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The relative intensities of atomic emission lines have been analyzed in regard to a Boltzmann distribution of the electronic levels in the pulsed discharge. The analysis confirms a Boltzmann distribution with an excitation temperature of 3200 ± 220 K, a relatively low temperature
compared with that for other excitation sources, such as microwave and radio-frequency discharges. The analysis also suggests that little ionization occurs via direct excitation in the discharge. The emission spectra from excited diatomic helium states have been analyzed and confirm the formation
of He2(a3Σu+) and the Hopfield emission He2(A1Σu+ → 2He(11S) continuum in the range 72 to 92 nm. Emission intensity-time profiles have been obtained for
both atomic and diatomic helium emissions. Analysis of these profiles indicates that excited He2 states are obtained by two reactions: (1) an excited atomic helium reacting with a ground-state helium atom, and (2) recombination of He2+ with electrons. The study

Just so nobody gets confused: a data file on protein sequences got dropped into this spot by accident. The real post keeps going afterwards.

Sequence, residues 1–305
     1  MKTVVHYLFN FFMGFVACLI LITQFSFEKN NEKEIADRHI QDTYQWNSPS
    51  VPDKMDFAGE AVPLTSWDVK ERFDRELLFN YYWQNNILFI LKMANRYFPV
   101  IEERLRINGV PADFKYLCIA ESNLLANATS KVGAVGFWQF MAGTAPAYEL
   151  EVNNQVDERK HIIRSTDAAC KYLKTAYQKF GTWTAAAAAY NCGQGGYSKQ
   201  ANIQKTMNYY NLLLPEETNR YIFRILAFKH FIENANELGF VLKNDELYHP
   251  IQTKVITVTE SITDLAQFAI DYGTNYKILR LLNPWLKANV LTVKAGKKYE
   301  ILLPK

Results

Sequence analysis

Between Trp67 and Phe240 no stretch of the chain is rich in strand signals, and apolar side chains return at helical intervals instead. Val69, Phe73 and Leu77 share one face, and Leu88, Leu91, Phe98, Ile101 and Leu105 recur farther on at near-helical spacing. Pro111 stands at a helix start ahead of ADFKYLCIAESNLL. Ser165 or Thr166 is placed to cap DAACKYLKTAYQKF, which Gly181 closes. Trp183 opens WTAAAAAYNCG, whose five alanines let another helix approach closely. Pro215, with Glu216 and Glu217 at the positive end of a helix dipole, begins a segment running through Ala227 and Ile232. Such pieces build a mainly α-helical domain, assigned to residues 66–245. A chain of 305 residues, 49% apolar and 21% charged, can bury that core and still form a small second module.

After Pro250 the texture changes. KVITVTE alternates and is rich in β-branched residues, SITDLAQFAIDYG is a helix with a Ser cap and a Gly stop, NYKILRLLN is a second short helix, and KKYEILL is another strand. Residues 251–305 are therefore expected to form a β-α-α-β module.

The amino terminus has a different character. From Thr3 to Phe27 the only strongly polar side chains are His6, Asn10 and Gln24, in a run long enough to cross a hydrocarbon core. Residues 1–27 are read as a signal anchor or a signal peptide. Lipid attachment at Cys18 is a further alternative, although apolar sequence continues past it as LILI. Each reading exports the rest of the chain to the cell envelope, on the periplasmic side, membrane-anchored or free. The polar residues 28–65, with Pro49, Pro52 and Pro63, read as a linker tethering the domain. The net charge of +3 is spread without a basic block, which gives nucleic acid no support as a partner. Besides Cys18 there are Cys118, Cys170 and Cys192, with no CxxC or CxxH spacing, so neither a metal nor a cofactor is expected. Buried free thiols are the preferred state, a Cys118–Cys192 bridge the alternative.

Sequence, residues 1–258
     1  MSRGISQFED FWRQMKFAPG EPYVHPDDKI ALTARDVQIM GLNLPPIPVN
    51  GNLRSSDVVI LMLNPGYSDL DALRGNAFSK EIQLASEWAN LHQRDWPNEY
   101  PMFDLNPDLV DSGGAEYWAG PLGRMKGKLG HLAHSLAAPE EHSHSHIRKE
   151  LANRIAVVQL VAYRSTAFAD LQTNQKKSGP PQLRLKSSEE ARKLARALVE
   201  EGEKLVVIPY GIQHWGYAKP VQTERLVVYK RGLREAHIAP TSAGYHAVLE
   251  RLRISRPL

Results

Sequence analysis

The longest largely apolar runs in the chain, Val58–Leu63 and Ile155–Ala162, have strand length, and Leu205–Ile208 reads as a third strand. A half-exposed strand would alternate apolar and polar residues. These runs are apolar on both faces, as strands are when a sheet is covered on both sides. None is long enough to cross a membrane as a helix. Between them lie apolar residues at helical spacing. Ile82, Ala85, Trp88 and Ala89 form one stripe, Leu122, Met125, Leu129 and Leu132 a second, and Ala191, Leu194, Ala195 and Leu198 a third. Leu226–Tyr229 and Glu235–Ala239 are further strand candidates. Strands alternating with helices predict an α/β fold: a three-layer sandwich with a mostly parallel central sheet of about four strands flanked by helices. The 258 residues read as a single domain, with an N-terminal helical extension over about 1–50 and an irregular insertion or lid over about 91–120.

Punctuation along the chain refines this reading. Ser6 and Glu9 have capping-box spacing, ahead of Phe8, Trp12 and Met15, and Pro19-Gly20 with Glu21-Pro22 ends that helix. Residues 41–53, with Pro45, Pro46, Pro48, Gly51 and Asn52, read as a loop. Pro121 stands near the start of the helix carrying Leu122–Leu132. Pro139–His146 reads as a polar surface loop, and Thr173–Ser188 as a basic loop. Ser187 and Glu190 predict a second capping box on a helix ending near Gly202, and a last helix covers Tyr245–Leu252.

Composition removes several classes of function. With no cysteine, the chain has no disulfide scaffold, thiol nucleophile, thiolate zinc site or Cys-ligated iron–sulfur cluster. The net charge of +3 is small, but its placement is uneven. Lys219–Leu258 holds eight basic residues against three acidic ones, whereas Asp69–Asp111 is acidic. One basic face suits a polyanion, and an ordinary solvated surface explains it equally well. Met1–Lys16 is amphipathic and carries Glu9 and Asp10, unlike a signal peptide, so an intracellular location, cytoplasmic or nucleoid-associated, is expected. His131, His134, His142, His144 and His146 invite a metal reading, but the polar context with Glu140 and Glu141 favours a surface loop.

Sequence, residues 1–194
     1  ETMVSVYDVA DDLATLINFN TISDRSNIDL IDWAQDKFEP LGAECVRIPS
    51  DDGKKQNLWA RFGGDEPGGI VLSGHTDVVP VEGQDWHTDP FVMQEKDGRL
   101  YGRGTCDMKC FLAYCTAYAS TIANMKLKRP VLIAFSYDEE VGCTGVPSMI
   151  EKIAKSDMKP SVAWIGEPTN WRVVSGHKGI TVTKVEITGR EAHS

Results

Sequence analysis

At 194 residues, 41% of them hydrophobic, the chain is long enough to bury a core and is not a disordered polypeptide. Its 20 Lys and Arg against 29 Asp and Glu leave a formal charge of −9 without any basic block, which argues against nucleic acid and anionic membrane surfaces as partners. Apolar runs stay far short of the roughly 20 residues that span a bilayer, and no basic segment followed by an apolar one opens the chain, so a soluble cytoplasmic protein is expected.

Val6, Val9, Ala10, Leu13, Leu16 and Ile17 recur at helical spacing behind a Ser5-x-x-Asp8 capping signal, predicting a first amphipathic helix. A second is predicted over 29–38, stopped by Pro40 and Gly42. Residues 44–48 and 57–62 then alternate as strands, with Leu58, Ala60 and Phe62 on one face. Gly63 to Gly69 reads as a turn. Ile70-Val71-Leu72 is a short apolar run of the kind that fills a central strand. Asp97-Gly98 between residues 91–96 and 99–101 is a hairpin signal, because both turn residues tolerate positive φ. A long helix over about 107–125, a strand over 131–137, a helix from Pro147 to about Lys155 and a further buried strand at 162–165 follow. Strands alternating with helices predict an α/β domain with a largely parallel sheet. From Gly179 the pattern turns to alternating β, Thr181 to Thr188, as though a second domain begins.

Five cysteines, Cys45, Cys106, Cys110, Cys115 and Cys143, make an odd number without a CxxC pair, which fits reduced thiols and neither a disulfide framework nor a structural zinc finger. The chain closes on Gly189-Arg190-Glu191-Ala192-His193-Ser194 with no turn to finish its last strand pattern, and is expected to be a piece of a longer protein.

concludes that excitation in a discharge through helium at atmospheric pressure yields the following predominant species: He(23S), He2(a3Σu+), Hopfield emission continuum 72-92 nm, and He2+.
Department of Chemistry, University of Houston, Houston, Texas 77204-5641 2:
Valco Instruments Co. Inc., Houston, Texas 77055
Publication date: September 1, 1995
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The Society publishes the internationally recognized, peer reviewed journal, Applied Spectroscopy, which is available both in print and online. Subscriptions are included with membership or can be purchased by institutional or corporate organizations. Abstracts may be viewed free of charge. Previously published as Bulletin (Society for Applied Spectroscopy)